Last week’s blog was Part 1 on my visit to the Hollywood Glamour Exhibit at the Museum of Fine Arts in Boston, including photos of beautiful movie costumes, info on the famous designers who created them and the actresses who were lucky enough to wear these beautiful outfits. Today is my second installment of photos and facts on these iconic fashions from Hollywood’s Golden Era.
In 1936 Marlene Dietrich played a jewel thief in Paramount Pictures, Desire. She steals a valuable strand of pearls named “tears of the mermaid.” Love that name!
Travis Banton, whose imagination and designing skills were directly responsible for the mystique of Ms. Dietrich’s character, incorporated chiffon, fur and feathers for probably the most glamorous hostess gown I think I’ve every seen!
I have to admit, I do love me some shimmer! And shimmery fabrics, like the gold lamé used in this fabulous halter gown, were used quite a bit during the early eras of cinema as the fabric translated beautifully on black and white film. Edith Head designed this for Betty Grable in the movie This Way Please (1937).
FUN FILM FASHION FACT– Aside from looking beautiful on screen, with the advent of the “Talkies” , soft, flowing fabrics like chiffon, lamé and satin were often used because they didn’t make any distracting noise that could be picked up by microphones.
Above is Greer Garson in a photo from Julia Misbehaves (1948) wearing a blouse and skirt designed by Irene Lentz. Usually referred to as just Irene, she was a California fashion designer who ended up working for MGM in the 1940s after Gilbert Adrian left there. She is known for her evening gowns and exquisite tailoring. I absolutely love this two piece ensemble. Though it is not as formal as some of the other outfits in the exhibit, this is one I could totally envision myself wearing to a fancy cocktail party or dinner. That is if I were fortunate enough to to find something even remotely as lovely as this! The embroidered design around the neckline and down front of the blouse along with the shimmery satin overskirt adds just the right amount of interest to take simple separates to a whole new level of glamour.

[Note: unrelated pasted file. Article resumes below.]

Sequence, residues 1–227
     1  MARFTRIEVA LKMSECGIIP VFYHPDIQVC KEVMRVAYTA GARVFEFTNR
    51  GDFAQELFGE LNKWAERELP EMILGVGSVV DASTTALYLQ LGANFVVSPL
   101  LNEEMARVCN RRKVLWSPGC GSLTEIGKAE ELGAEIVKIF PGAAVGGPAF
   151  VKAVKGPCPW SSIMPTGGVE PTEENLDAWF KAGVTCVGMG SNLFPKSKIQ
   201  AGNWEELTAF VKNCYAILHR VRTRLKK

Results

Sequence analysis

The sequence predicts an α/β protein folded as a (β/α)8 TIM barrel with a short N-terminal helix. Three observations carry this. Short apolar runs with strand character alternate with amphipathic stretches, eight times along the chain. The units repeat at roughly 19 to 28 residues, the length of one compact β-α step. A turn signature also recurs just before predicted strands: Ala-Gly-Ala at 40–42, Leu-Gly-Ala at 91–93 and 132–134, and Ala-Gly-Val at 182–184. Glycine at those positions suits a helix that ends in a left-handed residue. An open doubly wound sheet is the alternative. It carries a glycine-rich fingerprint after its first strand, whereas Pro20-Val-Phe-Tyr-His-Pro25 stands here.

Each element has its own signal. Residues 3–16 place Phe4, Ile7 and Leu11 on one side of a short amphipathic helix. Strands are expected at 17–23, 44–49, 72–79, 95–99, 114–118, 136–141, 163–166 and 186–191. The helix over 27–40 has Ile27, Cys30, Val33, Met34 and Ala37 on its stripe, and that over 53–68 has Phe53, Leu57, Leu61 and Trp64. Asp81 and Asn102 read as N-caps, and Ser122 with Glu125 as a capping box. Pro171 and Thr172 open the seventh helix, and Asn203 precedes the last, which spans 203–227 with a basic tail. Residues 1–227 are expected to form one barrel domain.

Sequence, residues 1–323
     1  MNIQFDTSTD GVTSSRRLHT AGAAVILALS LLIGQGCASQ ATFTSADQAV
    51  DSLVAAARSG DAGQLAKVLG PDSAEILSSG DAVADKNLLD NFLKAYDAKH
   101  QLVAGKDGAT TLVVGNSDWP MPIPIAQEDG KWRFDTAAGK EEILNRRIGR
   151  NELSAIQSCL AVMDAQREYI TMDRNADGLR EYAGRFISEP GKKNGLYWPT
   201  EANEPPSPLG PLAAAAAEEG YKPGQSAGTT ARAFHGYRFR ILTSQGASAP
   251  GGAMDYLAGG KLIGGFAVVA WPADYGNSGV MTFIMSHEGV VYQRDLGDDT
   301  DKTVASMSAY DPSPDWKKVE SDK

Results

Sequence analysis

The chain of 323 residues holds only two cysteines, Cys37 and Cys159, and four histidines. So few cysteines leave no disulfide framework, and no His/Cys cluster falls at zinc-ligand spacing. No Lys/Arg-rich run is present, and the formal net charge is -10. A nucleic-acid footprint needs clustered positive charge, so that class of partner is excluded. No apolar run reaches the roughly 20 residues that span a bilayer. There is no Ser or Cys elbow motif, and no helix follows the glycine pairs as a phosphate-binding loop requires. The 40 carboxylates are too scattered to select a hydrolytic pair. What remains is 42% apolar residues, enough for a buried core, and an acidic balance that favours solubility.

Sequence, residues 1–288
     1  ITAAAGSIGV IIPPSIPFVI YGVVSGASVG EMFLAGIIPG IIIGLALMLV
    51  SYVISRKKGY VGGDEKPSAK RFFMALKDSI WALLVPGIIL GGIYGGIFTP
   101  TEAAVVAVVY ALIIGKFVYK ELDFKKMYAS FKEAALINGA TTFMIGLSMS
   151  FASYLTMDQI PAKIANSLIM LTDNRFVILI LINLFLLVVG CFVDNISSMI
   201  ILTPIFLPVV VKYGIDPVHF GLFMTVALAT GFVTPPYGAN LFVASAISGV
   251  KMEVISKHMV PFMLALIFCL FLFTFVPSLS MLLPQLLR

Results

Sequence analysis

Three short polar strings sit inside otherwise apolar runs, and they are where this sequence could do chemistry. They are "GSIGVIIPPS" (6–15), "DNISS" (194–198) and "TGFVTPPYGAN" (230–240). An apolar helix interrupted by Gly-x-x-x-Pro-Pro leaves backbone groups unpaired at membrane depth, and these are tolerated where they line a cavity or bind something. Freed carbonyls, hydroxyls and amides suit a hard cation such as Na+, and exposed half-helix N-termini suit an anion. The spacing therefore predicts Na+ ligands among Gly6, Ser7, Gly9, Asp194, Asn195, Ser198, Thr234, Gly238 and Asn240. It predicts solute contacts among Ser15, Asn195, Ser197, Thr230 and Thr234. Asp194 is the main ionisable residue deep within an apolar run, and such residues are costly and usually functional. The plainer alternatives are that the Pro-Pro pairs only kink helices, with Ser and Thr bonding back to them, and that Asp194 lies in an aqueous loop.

Famous Paris couture designer, Elsa Schiaparelli, created this rich purple silk embroidered wool twill dress for Mae West in Every Day’s a Holiday (1938). Set in the Gay Nineties the costumes from this movie inspired Ms Schiaparelli’s 1939 clothing line, which was sold in department stores. Even back then women wanted to wear celebrity fashion!
FUN FILM FASHION FACT– Mae West’s curvaceous figure, which measured 35-25-35, was the inspiration for Elsa Schiaparelli’s “Shocking” perfume bottle.
And last, but not least, these fascinating platform shoes made of wood and leather, were specially designed for Mae West. Because she was only 5 feet tall, these shoes within a shoe added another 8 1/2″ to her height. Heck I thought the platform shoes I wore in the 70s were tall! In all her movies she always had on long dresses, so all you could see were the silver shoes peeking out from beneath. Ingenious, yes? I wonder if it took much practice for her to get used to walking in them.
Which oufit is your favorite?
Have a glamorous day!